Curtis Dahlgren
Give us this day our daily WONDER bread, Mr. President?
By Curtis Dahlgren
December 5, 2012

"Never let yourself be persuaded that any one Great Man, any one leader, is necessary to the salvation of America." — Dwight D. Eisenhower

"Nothing is so vulnerable as entrenched success." — George Romney

ON ONE AWARDS SHOW, a so-called celebrity didn't say "Thanks Mom," but instead said that "first we must thank our Lord and Savior, Barack Obama." Without going quite that far, one of our locals wrote a letter to the editor in praise of the President, unions, and the wisdom of the voters. Here are some excerpts of the letter I wrote in reply (quote):

We hate to burst his bubble, but I must respond to your November 15th letter writer, who said: "let's be honest. If you don't make a decent wage you can't buy a $40,000 pickup truck."

Mister, you are confused. Why do think an American pickup has to cost $40,000 and why the Janesville Chevy plant is idle? You are confusing economic freedom and a utopian equality of outcome; you're confusing the symptoms and the causes of our nation's problems; you confuse collectivism and individual initiative and responsibility.

Unions had their place and their time, before they became greedy. When Eastern Airlines went belly up, the striking mechanics on the picket lines chanted "We WON, we WON!" (sounds like some of our local liberals after the 2012 election). The layoffs have not yet begun to fall (just like the 4th quarter of 2008 — after the election)! Fewer people are working now than when the Prez was inaugurated, and the liberals just don't see what's coming.

Frank Maguire says that "you can wake up a person who is sleeping, but you can't wake up someone who is just pretending to be asleep" [i.e., leave me alone!]. The saying evidently came out of the Roman Republic. Hundreds of years earlier, a Hebrew prophet said:

"They have eyes to see, but they see not" [i.e., the blind seem to be leading the blind].

Happy is the man who is looking forward to his next new pickup truck, but don't be surprised if the pricetag is out of sight, with the cost of food and fuel and everything else — including your taxes, going up. Personally, I've had to go on high blood pressure medication since the election.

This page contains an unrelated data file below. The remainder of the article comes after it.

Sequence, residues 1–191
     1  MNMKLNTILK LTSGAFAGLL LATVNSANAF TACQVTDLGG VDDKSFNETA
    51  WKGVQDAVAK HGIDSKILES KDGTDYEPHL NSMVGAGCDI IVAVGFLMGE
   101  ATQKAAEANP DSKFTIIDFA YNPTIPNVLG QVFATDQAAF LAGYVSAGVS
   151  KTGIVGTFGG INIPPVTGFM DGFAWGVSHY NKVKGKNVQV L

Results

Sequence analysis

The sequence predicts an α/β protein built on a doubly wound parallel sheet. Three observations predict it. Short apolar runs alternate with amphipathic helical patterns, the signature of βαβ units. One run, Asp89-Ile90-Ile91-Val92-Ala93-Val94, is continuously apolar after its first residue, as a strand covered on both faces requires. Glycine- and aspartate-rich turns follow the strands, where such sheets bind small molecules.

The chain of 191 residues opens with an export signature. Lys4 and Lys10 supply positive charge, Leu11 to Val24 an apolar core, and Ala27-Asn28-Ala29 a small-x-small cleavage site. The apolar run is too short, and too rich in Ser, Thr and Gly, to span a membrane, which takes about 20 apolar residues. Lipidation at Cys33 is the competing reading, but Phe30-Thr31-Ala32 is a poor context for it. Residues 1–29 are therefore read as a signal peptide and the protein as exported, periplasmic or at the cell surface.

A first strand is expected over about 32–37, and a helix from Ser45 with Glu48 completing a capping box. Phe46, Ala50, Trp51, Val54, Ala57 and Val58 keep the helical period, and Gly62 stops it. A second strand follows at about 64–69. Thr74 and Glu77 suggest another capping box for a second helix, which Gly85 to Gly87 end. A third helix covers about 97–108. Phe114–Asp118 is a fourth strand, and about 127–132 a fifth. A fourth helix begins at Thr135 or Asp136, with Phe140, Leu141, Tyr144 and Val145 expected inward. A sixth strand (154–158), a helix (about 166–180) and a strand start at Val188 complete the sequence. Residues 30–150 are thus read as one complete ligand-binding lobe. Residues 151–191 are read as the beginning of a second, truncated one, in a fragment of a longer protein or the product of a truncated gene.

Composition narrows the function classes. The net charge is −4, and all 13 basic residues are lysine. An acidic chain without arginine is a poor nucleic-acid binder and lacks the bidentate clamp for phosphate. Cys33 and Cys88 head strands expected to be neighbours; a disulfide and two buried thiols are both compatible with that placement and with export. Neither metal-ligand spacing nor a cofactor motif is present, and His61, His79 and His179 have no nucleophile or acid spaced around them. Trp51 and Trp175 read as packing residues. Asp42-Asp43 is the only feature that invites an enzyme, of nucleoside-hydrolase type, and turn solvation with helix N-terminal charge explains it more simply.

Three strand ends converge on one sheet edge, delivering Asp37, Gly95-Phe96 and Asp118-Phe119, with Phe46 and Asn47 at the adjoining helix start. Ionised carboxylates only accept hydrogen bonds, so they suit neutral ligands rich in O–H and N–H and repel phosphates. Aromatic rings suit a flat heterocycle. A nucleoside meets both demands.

Since coming to America, four generations of Dahlgrens have never been unemployed or on food stamps. We were non-union for the most part. My nephew is a businessman who will soon be punished for working so hard and being "too successful." Well, Mr. President, you think you won that election? You didn't do that; "someone else did that."

My dad paid $18,000 for his first farm at the age of 45, and he would have thought it almost a sin to pay $40,000 for just a truck! We proudly drove a 1932 Ford truck until 1950. My first car was a Studebaker and I'm now driving a car that's worth $200 if the gas tank is half full, and I'm as happy as a Lark with it. Tell the Hostess workers that it's not all gold that glitters.

Have a Twinkie and a nice day. HoHo ho, ho ho hum; the EPA and the unions killed another one (I could call them Ding Dongs, but I didn't do it). You WONDER what they were thinking, eh? Wouldn't it be funny if Hostess ended up being saved by Bain Capital? Dolly Madison must be rolling over in her grave. [end quote]

"Put not your trust in princes, in whom is no help." — Jeremiah

P.S. You do realize, don't you, that "salvation" is what Liberalism is "all about"? I'm talking "salvation" from the consequences of stupid decisions (temporary material salvation):

In the "Life of Julia," her daily bread really does come from Uncle Sam, and she's not even required to look for work.

Julia's daughter is pregnant? Don't sweat it; just kill the grandchild (wouldn't want her to be 'punished' with a child).

Julia's new boyfriend is in trouble with the law? Don't sweat it; hire a lawyer paid for by the "working taxpayers" of the middle class.